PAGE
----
Simultaneously, the PAIS V contract activities enable the U.S. Army to fulfill the international chemical weapons conventions and move toward disintegration of chemical agent disposal facilities and stockpile storage areas.
Apart from this, Tech will also be helping CMA in managing its non-stockpile chemical material program and chemical stockpile emergency preparedness program.
In addition, Tetra Tech recently received a contract for the excavation and construction activities related to the environmental decontamination of Vietnam’s Da Nang Airport, affected by dioxin pollution. This contamination was the result of the use of chemical herbicides and defoliant during the Vietnam War.
Tetra Tech was also one of the companies used in Iraq for the CMC projects. So the private side of this solution is there and it is capable.
One final note is about these MANPADS in Syria. It is very difficult to get a fix on who has them or where they are at. There are a few folks out there that are putting together a picture for public consumption. Especially with all of these videos and social media related bits of news. CJ Chivers is one of those guys doing an awesome job, and he goes into how to properly view and pick apart these videos. Here is another blogger that is tracking the locations of Syrian MANPADS that have been identified in news stories.
As this develops, we will see the direction it takes. The west is definitely interested in securing this stuff, and the real question will be ‘how’. Perhaps we will see a repeat of how we did things in Libya, or this might require a different direction…Who knows? I do know that the clock is ticking and the rebellion is not waiting for anyone. –Matt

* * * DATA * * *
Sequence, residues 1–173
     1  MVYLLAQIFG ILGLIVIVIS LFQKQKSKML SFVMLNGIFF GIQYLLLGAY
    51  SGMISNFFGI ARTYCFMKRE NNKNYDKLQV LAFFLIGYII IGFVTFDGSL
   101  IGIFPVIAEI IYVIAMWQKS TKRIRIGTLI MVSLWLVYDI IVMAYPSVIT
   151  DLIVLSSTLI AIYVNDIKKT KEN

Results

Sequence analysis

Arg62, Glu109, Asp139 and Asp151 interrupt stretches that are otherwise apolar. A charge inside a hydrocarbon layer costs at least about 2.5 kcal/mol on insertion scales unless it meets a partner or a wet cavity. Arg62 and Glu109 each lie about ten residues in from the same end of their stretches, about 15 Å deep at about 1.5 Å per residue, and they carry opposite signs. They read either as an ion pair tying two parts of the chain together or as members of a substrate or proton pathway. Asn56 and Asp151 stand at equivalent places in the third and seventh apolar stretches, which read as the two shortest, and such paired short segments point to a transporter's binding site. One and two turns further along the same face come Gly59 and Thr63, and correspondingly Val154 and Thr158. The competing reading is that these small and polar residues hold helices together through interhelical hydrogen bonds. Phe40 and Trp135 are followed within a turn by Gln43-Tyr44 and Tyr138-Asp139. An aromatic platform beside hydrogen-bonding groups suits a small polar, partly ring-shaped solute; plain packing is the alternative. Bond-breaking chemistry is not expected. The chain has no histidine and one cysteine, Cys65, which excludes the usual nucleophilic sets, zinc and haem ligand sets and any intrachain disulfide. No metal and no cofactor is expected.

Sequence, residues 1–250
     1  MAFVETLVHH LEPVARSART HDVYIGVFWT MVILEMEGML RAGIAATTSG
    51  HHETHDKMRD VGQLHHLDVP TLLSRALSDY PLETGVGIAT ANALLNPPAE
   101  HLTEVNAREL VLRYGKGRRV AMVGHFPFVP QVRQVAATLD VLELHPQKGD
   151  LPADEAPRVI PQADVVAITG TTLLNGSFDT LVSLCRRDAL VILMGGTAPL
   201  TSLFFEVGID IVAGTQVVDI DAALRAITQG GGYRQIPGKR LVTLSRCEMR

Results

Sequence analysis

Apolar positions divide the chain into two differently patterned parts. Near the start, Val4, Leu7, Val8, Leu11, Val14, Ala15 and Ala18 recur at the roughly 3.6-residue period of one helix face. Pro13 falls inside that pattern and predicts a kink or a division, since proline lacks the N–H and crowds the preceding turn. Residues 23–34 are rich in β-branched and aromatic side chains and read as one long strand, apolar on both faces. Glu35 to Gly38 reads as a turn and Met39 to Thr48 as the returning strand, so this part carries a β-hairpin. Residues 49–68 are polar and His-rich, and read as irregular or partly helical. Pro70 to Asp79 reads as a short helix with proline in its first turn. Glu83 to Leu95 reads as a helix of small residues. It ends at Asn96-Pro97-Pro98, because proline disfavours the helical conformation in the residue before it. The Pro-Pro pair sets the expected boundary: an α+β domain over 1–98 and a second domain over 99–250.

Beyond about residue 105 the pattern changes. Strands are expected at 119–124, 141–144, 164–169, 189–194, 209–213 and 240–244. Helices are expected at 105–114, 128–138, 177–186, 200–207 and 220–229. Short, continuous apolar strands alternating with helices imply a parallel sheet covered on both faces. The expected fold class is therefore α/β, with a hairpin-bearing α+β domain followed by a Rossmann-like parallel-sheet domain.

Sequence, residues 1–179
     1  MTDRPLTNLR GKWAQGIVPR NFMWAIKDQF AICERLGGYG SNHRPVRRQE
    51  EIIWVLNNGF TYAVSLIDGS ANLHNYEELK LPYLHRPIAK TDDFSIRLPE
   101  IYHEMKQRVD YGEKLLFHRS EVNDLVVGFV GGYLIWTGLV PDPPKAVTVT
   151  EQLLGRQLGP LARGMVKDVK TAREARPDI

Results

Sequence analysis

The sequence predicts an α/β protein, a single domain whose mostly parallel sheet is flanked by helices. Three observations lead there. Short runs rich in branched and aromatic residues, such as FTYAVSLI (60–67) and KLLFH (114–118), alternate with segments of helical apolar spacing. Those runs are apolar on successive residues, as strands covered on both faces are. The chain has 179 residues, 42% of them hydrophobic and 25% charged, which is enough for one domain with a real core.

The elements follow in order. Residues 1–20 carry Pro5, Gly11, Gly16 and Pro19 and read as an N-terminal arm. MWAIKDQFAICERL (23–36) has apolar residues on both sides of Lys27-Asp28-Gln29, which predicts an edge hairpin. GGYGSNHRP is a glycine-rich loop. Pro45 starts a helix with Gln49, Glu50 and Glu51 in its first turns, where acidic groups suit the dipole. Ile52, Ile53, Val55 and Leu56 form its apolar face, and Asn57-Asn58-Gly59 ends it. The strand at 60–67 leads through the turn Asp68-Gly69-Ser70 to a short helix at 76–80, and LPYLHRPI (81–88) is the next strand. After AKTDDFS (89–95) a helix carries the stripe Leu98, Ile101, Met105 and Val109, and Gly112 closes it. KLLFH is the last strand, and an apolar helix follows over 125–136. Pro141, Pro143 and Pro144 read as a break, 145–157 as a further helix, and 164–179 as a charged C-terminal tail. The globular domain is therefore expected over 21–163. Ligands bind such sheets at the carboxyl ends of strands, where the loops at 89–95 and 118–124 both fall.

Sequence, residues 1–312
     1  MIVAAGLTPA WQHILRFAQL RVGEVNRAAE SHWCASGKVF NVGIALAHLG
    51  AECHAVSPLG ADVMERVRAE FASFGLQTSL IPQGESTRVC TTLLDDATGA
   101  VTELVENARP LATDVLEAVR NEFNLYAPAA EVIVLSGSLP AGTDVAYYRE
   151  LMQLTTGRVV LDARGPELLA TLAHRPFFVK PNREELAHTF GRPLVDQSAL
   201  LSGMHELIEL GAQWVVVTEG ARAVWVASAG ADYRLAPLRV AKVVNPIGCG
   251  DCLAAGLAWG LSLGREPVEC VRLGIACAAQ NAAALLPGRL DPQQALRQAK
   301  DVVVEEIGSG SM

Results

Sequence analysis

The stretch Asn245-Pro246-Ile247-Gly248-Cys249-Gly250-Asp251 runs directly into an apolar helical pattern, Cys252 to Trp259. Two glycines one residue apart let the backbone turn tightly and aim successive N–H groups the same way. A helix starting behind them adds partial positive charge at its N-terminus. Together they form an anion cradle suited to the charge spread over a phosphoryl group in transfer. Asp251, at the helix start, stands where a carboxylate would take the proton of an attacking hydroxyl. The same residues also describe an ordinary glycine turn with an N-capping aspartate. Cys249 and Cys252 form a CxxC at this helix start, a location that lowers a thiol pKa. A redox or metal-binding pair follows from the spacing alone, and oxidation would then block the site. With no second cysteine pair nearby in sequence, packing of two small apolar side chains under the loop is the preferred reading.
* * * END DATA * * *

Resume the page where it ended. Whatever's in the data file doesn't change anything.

Destroying munitions in Iraq.
Worries intensify over Syrian chemical weapons
By Joby Warrick
September 6, 2012
Western spy agencies suspect Syria’s government has several hundred tons of chemical weapons and precursor components scattered among as many as 20 sites throughout the country, heightening anxieties about the ability to secure the arsenals in the event of a complete breakdown of authority in the war-torn nation, U.S. and Middle Eastern officials say.
Officials are monitoring the storage sites, but they expressed growing fear that they have not identified every location and that some of the deadly weapons could be stolen or used by Syrian troops against civilians.
“We think we know everything, but we felt the same way about Libya,” said a former American intelligence official who was briefed on U.S. preparations for both conflicts. “We had been on the ground in Libya, yet there were big surprises, both in terms of quantities and locations.” The former official was one of several people who spoke on the condition of anonymity to discuss classified information.
The collapse of government control in several Syrian provinces has prompted heightened scrutiny of the weapons depots by the United States and its allies in the region. It also has hastened preparations for securing the sites with foreign troops, the U.S. and Middle Eastern officials said.
Drawing from recent intelligence assessments, the officials believe that the Syrian arsenal contains several hundred tons of chemical weapons and precursors, including sizable quantities of battlefield-ready sarin, the deadly nerve agent.